In a conversation I had with friends over the weekend, they mentioned that their son had just moved his bank account over to his new wifes bank.
For many, that may be as far as this conversation would have gone. However, because I work for a company that sells customer analytics software to help banks prevent things like this from happening, I was eager to hear more about their sons decision. And what I learned surprised me.
As it turns out, our friends are premier customers at a large, well known bank where they have banked for many years. They became customers by default after their local bank was purchased by their current bank. They remained customers for convenience and to avoid the hassle of opening new accounts elsewhere.
They have checking and savings accounts, a home mortgage, a home equity line of credit and other investments and, when their children left for college, they set up accounts for them for the convenience and ability to transfer funds between accounts.
Yet, in spite of all the business they do with the bank, they do not feel a connection or deep sense of loyalty to the organization. And, as it turns out, neither did their son.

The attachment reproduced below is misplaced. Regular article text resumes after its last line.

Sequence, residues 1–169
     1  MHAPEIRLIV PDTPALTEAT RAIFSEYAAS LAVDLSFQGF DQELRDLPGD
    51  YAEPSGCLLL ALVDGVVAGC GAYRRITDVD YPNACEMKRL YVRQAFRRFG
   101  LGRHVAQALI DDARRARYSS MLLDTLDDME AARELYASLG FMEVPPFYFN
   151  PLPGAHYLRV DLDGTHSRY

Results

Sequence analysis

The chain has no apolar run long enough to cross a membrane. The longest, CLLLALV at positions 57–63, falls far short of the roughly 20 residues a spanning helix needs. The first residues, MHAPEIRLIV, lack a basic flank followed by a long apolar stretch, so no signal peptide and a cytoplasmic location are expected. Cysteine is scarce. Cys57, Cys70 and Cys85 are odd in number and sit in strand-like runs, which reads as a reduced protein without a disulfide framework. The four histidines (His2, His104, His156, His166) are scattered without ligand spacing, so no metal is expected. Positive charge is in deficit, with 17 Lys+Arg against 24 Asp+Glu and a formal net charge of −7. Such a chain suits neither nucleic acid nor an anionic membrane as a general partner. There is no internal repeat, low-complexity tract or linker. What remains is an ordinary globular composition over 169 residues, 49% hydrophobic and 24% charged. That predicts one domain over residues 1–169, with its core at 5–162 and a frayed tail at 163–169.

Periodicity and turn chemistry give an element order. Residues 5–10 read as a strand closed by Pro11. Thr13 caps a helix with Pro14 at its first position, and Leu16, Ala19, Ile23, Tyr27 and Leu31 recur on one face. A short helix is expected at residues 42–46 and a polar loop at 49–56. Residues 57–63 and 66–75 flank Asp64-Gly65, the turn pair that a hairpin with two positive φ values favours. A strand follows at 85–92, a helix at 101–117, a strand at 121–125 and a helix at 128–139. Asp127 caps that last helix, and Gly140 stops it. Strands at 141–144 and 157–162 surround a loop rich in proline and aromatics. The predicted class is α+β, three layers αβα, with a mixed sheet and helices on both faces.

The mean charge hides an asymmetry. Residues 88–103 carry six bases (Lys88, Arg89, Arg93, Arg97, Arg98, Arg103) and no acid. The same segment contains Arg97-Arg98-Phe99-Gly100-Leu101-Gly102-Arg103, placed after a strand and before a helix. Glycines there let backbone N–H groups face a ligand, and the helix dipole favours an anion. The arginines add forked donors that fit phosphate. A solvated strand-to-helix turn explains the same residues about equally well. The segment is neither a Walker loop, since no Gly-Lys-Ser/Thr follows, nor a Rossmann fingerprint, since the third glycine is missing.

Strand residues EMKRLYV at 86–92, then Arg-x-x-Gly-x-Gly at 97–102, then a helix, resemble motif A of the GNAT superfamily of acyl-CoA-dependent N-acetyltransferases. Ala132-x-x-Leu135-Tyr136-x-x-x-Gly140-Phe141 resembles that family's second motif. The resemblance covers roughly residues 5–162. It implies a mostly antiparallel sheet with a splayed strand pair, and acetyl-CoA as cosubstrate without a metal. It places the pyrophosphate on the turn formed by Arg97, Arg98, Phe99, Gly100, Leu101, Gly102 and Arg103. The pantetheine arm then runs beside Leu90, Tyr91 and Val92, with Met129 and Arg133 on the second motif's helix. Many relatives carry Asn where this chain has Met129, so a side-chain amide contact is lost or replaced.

When I delved a bit deeper, it became clear why.
- Even though my friends have their home mortgage at the bank, they routinely receive refinancing solicitations from the bank that are 2% higher than their current mortgage.
- They refinanced their home mortgage twice through the bank because they thought it would be easier and faster the second time around. In reality, however, both times involved a lot of duplicate paperwork processing. Our friends said if they were to refinance or purchase another home in the future, they would not necessarily use their bank, since it was not any easier refinancing with them than it had been in the past with other mortgage companies.
- Their children, both millennials and well-paid lawyers and just the type of customers you would think the bank would like to keep long-term, have never been contacted by the bank or made to feel like valued customers in any way.
The experiences mentioned above could have and should have been different. The use of advanced customer analytics would have made it clear to the bank what kinds of promotions my friends would be interested in, preventing irrelevant offers for refinancing at rates higher than their current mortgage rates. Leveraging customer and operational analytics, the bank could also have facilitated a much smoother refinancing process, making it more attractive for my friends to choose them in for any future home purchase or refinancing needs.
The loss of customers like my friends son is also a huge missed opportunity for the bank. Indicators along the way could have made it clear that their son was an ideal customer to retain. He, his new wife and their friends represent the future and banks that use customer intelligence and insights to engage with and build authentic relationships with customers and prospects will thrive.